- Untreated allergies can make your pet miserable.dog image by Michal Tudek from Fotolia.com
An itchy, wheezing, irritable dog might be suffering from allergies. Symptoms include itchy skin, coughing, sneezing, wheezing, nasal or eye discharge, or vomiting and diarrhea. Each of these symptoms could be indicative of a number of allergies. There are five types of allergies that affect dogs: bacterial, contact, flea, food and inhalant. Any one of these, or a combination, could be causing an allergic response in a dog.
- A bacterial allergy often results in hair loss, similar to a case of ringworm. Round lesions, about a half to 2 inches in diameter might appear on the skin.
Dogs naturally carry certain varieties of Staphylococcus bacteria on their skin, but sometimes they can develop an allergy to one of those bacterium. The allergic reaction results and can usually be treated with antibiotics prescribed by a veterinarian.
- Contact allergies are easily identified, because they most often occur where the allergen makes contact with the skin. For example, underneath a flea collar or on the paws of a dog that has walked in floor cleaner. Itching and redness at the point of contact are usually the only symptoms.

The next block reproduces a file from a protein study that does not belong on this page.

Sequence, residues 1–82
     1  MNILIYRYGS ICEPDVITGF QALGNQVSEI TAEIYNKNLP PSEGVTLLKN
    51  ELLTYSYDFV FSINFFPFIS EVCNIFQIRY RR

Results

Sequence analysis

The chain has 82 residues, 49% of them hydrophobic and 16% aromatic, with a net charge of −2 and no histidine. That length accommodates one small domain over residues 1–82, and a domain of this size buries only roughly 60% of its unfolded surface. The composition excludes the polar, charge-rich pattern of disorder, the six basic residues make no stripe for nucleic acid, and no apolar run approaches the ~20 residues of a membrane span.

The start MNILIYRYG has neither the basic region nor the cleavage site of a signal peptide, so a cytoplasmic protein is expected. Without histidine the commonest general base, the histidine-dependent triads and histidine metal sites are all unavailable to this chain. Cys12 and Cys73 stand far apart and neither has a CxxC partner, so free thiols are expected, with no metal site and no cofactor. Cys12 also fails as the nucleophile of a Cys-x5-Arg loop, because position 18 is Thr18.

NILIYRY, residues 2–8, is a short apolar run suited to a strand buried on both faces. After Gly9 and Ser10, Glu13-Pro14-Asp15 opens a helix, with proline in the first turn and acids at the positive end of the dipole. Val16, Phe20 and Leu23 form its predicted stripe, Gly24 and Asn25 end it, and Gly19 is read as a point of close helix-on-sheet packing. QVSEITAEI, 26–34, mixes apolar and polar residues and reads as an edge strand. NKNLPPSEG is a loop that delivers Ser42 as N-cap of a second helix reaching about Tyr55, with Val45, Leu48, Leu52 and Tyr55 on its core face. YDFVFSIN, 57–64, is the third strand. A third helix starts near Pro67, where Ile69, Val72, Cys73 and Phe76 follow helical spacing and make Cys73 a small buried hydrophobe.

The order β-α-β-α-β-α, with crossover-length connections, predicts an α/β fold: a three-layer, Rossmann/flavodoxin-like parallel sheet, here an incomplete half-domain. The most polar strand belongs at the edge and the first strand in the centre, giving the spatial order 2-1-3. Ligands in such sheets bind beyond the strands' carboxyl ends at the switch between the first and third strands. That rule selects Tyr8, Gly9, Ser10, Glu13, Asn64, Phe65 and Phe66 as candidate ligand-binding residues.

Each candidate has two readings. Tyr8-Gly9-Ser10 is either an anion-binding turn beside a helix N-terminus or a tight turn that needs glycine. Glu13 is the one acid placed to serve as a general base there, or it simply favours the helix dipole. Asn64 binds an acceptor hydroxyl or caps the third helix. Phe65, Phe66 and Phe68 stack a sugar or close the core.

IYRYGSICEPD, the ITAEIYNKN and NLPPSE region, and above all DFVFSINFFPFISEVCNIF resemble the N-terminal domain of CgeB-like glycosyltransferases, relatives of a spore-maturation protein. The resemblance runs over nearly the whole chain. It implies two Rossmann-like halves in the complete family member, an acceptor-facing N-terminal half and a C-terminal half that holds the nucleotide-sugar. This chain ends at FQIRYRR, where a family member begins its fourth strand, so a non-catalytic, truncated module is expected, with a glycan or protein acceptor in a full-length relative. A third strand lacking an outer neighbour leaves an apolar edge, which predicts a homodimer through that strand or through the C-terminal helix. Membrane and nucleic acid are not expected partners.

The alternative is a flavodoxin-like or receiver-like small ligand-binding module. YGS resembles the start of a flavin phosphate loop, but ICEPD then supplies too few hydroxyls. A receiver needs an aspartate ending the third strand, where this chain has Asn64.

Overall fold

To treat this allergy, avoidance of the allergen is best. Remove or replace the object with a pet-friendly alternative. Sometimes there is some trial and error before successfully identifying the object.
- Flea allergies occur only in reaction to flea bites. Usually a dog will experience intense itching all over, a reaction to the fleas' saliva. A dog may scratch, bite or lick the area repeatedly, resulting in skin infections or hot spots and leaving scabs on the skin.
This type of allergy is best treated by killing the fleas and preventing future flea outbreaks.
- A food allergy can develop virtually overnight, causing a reaction to a food the dog has eaten for years without a response. Most often, the allergy is a response to the protein component of the dog's food. Beef, pork, chicken and turkey are often the culprits in food allergies in dogs.
Testing is available from a veterinarian to determine the trigger to a food allergy. Once it is determined, a hypoallergenic diet will most likely be recommended.
- Inhalant allergies can include the same inhaled allergens as humans. Tree, grass or weed pollens, molds, mildew and dust mites can all be responsible. Like humans, dogs with inhalant allergies might experience symptoms seasonally. Instead of sniffling, however, a dog's reaction is usually generalized itching. Inhalant allergies can also cause frequent ear infections in some dogs.
Several treatments are available, including anti-inflammatories or allergy shots. Seek a veterinarian's opinion before starting any treatments for inhalant allergies.